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Cultural treasure Keith Skipper opens Swaffham museum

PUBLISHED: 09:45 17 February 2010 | UPDATED: 11:38 08 July 2010

ONE Norfolk cultural treasure celebrated the restoration of another as Keith Skipper helped launch a new season at Swaffham Museum.

ONE Norfolk cultural treasure celebrated the restoration of another as Keith Skipper helped launch a new season at Swaffham Museum.

The museum reopened on Saturday and unveiled its Collectors and Collecting special exhibition for 2010, which features eclectic assortments of everything from typewriters to baked bean tin labels.

And among the permanent displays is the return of the town's 17th-century pikeman's armour after conservation work which has uncovered some intriguing detail on its colourful past.

Writer and broadcaster Mr Skipper, a former pupil of the old Hamond's Grammar School in Swaffham who was recently included in the EDP's Virtual Reality Museum of Norfolk, said he was proud to formally open the exhibitions.

“Apparently, I am a cultural artefact now - which just proves that from little icons mighty oiks grow,” he said. “But it is nice to be in the museum again, and play a part in these places which keep the wonderful ways of Norfolk alive and vibrant.”

The Norfolk dialect enthusiast presented the museum with a copy of his Bumper Book of Norfolk Squit as his contribution to the collection.

The Swaffham armour, made during the reign of Charles I in the 1630s, was sent for restoration with the help of a £3,600 grant from the Pilgrim Trust. During the work, Ipswich-based conservator George Monger found traces of blue and white pigment on the chest plate and helmet.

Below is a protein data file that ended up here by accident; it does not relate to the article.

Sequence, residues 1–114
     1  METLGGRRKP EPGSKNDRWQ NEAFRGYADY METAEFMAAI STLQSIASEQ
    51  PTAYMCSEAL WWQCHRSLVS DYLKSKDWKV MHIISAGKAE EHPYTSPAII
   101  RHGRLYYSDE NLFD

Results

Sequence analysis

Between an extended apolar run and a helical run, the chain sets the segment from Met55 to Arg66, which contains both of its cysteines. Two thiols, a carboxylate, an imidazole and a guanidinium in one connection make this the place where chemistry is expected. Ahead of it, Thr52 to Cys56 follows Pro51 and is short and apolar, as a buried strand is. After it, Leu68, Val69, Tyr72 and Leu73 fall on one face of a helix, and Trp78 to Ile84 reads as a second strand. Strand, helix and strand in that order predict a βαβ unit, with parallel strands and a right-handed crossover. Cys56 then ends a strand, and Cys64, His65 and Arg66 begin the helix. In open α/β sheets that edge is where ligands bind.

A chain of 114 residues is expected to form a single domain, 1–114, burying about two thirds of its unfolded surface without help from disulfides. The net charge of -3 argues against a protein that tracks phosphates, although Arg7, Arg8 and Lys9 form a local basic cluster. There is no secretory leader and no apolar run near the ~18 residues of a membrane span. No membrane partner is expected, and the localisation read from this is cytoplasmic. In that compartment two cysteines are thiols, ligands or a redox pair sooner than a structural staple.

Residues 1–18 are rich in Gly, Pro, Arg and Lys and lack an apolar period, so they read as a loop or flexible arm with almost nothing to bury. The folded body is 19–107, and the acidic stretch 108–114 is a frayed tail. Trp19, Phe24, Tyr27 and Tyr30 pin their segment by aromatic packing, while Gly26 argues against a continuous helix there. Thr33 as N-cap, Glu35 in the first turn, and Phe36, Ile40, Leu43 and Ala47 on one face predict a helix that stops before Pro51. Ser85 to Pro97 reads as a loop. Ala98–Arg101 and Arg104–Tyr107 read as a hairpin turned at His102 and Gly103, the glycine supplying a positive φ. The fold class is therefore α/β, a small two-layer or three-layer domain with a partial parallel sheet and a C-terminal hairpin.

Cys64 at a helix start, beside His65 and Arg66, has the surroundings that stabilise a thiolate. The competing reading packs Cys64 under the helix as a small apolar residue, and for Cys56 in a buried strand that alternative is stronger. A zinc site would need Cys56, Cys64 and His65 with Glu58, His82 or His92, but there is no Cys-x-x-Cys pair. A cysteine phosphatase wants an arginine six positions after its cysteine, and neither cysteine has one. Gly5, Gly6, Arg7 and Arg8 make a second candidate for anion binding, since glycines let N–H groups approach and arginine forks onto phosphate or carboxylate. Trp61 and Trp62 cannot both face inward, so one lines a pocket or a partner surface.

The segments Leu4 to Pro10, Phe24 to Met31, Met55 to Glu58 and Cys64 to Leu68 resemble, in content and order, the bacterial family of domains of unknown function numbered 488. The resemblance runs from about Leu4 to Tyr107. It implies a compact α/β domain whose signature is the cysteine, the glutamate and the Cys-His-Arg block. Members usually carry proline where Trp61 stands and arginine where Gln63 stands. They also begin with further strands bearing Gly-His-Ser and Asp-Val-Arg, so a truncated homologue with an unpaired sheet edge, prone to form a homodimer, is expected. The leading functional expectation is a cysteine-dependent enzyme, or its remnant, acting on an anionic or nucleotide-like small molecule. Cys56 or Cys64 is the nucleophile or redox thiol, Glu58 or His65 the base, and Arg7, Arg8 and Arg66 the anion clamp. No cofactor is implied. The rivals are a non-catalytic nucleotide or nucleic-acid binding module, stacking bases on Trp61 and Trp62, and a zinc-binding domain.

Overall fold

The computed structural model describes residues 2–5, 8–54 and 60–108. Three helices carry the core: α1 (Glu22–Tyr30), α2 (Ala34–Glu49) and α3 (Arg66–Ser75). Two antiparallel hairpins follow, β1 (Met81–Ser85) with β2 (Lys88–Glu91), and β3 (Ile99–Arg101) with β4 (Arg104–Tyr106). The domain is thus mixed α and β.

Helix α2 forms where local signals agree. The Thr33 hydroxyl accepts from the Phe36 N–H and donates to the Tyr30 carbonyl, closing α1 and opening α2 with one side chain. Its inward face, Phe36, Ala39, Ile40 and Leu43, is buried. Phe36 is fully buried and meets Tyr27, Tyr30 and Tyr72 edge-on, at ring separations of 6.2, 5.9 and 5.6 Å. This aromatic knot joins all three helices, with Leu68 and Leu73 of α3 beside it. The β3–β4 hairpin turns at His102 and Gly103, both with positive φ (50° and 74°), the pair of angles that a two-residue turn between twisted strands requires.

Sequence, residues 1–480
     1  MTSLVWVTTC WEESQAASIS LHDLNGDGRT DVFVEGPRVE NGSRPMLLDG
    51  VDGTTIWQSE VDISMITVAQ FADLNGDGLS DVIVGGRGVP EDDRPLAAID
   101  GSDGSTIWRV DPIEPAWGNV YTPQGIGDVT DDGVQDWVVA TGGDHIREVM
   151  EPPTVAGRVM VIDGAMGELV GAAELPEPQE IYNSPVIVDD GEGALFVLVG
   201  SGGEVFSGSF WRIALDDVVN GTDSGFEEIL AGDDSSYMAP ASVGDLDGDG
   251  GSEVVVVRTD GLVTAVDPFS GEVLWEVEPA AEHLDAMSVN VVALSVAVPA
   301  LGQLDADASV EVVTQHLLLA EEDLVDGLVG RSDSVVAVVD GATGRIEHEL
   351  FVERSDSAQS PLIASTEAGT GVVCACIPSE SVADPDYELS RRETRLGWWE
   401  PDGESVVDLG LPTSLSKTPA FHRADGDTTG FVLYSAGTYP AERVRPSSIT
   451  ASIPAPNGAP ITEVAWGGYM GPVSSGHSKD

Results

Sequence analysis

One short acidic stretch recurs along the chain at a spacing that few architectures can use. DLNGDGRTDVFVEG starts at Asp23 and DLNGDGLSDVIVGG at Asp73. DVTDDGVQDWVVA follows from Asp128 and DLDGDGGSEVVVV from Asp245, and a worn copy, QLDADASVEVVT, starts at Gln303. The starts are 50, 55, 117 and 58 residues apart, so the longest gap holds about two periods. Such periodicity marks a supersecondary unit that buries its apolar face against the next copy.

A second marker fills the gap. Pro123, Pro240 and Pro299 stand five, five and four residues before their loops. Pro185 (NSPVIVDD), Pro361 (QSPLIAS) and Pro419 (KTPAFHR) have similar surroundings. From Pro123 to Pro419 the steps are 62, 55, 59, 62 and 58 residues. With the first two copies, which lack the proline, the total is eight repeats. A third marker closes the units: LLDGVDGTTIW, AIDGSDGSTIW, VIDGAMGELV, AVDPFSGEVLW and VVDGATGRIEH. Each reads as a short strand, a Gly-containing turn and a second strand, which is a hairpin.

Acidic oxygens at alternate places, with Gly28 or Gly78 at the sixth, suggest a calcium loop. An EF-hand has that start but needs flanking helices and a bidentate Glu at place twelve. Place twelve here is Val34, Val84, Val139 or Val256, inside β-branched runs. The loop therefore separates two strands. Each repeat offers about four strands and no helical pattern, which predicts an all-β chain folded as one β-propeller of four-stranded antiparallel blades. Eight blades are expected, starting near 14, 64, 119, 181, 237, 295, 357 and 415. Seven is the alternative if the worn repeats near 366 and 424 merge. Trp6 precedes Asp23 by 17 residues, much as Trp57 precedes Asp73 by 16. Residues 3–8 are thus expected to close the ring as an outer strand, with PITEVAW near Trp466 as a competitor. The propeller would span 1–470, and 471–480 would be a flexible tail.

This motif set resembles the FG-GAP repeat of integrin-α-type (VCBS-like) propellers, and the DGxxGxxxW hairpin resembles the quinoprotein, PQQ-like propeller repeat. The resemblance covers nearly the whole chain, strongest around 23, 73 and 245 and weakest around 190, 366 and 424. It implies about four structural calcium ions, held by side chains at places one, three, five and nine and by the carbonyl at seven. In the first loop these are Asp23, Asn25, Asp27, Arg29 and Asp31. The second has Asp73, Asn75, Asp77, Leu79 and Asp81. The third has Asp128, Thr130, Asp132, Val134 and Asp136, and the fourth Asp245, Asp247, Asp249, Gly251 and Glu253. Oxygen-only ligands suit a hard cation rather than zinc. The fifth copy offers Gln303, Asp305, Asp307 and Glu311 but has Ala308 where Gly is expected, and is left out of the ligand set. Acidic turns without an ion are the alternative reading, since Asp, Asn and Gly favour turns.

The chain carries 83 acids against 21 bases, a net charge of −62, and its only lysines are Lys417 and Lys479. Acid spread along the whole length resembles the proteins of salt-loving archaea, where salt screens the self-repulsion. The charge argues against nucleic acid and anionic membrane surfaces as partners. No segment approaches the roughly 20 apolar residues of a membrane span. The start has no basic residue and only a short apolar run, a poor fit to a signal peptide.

Sian Hogarth, learning and access officer at the museum, said: “We are ever so excited because it changes our perspective.

“You always think of Civil War armour as being shiny metal, but this was painted. Now we need to find out if the colours were significant. Was it for recognition, so you didn't kill someone on your own side? Or was it the town colours? It is very intriguing.”

Miss Hogarth welcomed visitors to the museum dressed as Margaret Fountaine, the intrepid Victorian traveller who hoarded exotic butterflies - some of which are included in the new collections exhibition.

“I think she was an incredible character,” she said. “What she achieved in those days - especially given her background - was remarkable, and her butterflies are exquisite.”

The museum also houses local history exhibits and a collection of ancient Egyptian artefacts as part of display explaining how Swaffham man Howard Carter discovered the tomb of Tutankhamun in 1922.

Swaffham Museum, on London Street, is open from Tuesday to Saturday between 10am until 4pm.

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